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The Emotional Side of Will Writing | Conversations and Transparency

Writing a will is something all of us have to do at some point in our lives. However, this doesn’t make the subject any easier to broach with family members and loved ones. The emotional side of will writing can be difficult to overcome, but doing so is essential for the benefit of you and your family. 

In this guide, we’ll discuss why wills are so important and how you can ensure that the emotional side of will writing does not negatively impact the estate or final wishes of you or your loved ones. Read on to learn more. 

What are Wills and Why are They Important?

Almost everyone will have a basic idea of what a will is. However, it’s important that you understand the finer details.

A will is a legally binding document in which the final wishes of the writer are specified. A will determines what happens to the estate of a person after they pass away, and it can have far-reaching consequences for that person’s family and loved ones. 

Finances, property, investments and possessions can all be included in a will. They can be distributed among family members or even donated to a charitable organisation, depending on the wishes of the deceased.  

The Emotional Side of Will Writing 

Wills are important legal documents, and it’s crucial that you understand how they work and how they can affect you. 

While vitally important, wills can be a point of contention. The emotional side of will writing can cause family disputes and disagreements that are notoriously difficult to resolve.

There are two primary reasons behind this. First and foremost, writing a will means coming to terms with your own mortality. This can be very difficult for people to deal with and can result in the avoidance of writing a will.

Secondly, wills can cause arguments among beneficiaries. Some may perceive the will as unfair and look to contest it. Contested wills are on the rise in the UK, and these disputes can drag on for years and tear families apart.  

How can you overcome the emotional side of will writing and ensure your family and loved ones are financially secure after you pass away? Read on to find out.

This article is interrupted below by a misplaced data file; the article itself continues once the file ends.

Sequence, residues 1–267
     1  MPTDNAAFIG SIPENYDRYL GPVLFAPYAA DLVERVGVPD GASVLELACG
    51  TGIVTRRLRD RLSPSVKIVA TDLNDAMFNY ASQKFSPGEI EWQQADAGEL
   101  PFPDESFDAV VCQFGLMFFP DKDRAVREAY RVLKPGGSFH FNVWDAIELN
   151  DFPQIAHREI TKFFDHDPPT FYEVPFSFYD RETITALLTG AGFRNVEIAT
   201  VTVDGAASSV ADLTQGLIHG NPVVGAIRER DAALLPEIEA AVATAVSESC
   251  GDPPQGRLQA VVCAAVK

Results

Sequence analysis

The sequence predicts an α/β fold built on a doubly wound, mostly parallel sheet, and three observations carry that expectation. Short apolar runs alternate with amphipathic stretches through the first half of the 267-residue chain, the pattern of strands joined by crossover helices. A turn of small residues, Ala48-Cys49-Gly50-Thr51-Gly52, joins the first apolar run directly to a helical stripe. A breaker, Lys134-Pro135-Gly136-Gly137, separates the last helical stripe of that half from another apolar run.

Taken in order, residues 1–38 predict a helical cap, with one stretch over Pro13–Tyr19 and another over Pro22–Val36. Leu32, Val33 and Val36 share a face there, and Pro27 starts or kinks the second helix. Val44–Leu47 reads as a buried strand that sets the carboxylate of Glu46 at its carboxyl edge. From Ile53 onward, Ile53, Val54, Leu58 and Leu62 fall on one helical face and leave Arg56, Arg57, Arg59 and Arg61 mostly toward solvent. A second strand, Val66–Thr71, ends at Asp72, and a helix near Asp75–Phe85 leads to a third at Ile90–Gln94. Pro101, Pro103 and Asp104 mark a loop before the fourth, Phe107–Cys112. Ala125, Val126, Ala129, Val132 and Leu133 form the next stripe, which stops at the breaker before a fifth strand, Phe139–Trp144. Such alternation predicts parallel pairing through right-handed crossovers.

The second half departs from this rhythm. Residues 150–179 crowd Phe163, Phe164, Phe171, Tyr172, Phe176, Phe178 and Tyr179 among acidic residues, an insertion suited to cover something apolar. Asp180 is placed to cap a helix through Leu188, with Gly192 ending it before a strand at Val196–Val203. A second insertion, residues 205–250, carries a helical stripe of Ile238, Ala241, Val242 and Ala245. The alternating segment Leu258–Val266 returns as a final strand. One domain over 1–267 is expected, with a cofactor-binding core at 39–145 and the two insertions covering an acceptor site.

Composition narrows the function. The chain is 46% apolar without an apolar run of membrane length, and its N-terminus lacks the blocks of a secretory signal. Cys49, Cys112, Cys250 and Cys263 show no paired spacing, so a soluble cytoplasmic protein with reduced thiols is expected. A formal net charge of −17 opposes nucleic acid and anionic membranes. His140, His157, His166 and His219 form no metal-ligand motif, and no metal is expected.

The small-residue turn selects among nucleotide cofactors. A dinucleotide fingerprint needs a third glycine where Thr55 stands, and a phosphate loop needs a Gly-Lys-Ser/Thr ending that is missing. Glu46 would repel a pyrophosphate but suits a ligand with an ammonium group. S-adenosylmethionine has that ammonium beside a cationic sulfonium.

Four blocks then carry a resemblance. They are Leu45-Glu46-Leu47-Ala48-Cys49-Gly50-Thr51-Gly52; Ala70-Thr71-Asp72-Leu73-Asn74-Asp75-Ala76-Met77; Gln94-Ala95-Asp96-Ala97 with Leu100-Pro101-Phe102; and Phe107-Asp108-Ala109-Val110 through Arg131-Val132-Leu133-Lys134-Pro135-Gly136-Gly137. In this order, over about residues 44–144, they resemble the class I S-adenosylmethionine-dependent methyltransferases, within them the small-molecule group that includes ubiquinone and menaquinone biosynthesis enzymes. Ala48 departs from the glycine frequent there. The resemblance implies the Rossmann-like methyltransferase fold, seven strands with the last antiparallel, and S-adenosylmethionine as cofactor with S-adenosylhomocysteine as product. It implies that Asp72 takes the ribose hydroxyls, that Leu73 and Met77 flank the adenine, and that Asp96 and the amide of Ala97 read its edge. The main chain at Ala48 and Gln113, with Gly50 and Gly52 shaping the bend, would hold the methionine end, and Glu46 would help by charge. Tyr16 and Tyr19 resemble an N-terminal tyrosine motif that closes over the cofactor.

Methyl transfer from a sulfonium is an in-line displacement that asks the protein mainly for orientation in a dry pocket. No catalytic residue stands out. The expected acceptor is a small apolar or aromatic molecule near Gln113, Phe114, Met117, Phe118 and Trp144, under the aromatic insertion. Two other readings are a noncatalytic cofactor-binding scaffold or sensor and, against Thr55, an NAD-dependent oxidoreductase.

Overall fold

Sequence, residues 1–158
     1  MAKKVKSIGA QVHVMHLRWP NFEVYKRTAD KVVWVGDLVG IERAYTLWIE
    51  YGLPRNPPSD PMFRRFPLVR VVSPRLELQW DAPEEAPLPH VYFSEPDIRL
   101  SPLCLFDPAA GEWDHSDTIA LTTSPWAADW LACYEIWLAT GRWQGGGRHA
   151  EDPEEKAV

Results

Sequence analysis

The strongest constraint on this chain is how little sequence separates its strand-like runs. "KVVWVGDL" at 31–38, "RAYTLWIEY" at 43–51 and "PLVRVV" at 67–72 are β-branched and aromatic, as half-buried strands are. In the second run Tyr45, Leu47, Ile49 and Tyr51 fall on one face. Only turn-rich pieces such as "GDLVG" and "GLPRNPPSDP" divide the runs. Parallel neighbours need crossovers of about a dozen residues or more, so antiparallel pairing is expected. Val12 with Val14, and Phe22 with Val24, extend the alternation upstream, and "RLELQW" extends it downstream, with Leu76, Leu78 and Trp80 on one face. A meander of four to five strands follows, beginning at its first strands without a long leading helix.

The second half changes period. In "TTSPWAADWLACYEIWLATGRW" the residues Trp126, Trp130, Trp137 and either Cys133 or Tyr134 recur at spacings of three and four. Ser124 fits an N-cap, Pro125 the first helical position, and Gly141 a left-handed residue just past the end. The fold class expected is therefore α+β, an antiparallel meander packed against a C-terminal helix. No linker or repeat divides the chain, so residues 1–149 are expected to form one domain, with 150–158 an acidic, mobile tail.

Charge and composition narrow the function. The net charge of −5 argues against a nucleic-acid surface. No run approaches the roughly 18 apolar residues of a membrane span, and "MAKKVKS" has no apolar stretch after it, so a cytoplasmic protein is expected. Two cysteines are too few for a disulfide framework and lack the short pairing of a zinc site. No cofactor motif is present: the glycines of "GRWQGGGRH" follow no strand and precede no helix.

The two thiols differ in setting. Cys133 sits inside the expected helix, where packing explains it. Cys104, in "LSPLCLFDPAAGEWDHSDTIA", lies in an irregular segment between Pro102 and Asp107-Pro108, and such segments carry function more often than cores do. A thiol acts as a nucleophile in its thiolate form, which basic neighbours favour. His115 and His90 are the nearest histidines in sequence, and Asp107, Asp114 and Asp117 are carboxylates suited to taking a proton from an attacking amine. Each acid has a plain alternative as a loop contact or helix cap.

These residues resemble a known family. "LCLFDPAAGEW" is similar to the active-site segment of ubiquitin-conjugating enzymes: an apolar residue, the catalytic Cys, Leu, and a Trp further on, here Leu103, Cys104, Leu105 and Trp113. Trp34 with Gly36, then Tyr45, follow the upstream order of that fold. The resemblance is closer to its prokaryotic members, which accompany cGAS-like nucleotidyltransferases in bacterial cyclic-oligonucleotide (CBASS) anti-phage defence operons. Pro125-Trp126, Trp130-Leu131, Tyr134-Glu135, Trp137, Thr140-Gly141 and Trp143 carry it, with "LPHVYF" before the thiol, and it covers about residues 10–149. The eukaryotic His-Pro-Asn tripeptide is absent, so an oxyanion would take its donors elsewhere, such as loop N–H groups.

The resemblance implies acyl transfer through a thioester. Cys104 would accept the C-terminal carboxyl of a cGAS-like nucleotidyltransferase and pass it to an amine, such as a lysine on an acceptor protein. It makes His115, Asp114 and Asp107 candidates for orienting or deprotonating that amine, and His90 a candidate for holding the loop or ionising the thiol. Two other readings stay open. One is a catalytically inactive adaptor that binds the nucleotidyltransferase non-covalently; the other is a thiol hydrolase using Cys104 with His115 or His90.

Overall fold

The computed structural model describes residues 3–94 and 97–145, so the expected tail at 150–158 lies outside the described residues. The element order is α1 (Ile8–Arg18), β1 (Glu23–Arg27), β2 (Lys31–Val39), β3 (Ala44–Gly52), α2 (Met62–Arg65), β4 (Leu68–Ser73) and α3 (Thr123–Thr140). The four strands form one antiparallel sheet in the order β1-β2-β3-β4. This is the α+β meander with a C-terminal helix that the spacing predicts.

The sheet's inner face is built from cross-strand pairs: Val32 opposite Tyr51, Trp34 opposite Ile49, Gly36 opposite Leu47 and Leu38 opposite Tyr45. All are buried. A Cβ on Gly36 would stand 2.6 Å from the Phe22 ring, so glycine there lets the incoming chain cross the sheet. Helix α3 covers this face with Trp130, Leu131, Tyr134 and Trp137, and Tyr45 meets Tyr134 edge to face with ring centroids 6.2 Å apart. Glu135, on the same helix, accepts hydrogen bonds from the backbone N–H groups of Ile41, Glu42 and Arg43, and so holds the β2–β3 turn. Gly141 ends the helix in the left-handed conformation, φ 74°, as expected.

When it comes to writing a will, communication is absolutely critical. You need to be open and honest with all involved parties. If someone feels as if they’ve been left in the dark or overlooked, this could create tension and cause serious problems further down the line. 

Speak to your family and discuss your wishes before writing your will. This will ensure they are kept in the loop and will prevent them from having any unpleasant surprises. However, remember that your wishes are yours alone; don’t allow yourself to be pressured into changing your final decisions. 

Being honest and transparent at every stage is key. This way, you’ll be able to approach writing a will openly with your loved ones there to support you during what can be a difficult, emotionally charged process.  

Choose the Right Executor

There is a lot to think about when writing a will, but few decisions are as vital as the executor you appoint. 

The executor of a will is the person responsible for managing the estate of the deceased. This is an enormously important role; the executor will be tasked with managing the assets until such a time as they are distributed among the beneficiaries named in the will.

In addition, the executor of a will is responsible for overseeing the payment of any debts the deceased may have left behind, reporting the value of the estate to the authorities and paying any tax that is due on the estate. 

What’s more, executors also have to manage the payment of inheritance tax, if any is due. 

Much of the emotional side of will writing can come as a result of the above-mentioned factors. This is why choosing and appointing the right executor is so crucial; it should be somebody that you know and trust to be responsible and conscientious. One approach can be to appoint several executors. 

This can help them share the burden and ensure the process is conducted democratically. You could appoint three family members as executors and a legal professional, such as a solicitor, to ensure you have all the bases covered. 


Writing a will is never easy. It can mean difficult conversations and can even cause tensions and arguments between loved ones and family members. To ensure your loved ones are safe and secure after you pass away, you must be able to overcome the emotional side of will writing. Use the advice we’ve outlined in the guide above to do just that. The expert team here at MM Legal can help with the will writing process, click here to find out more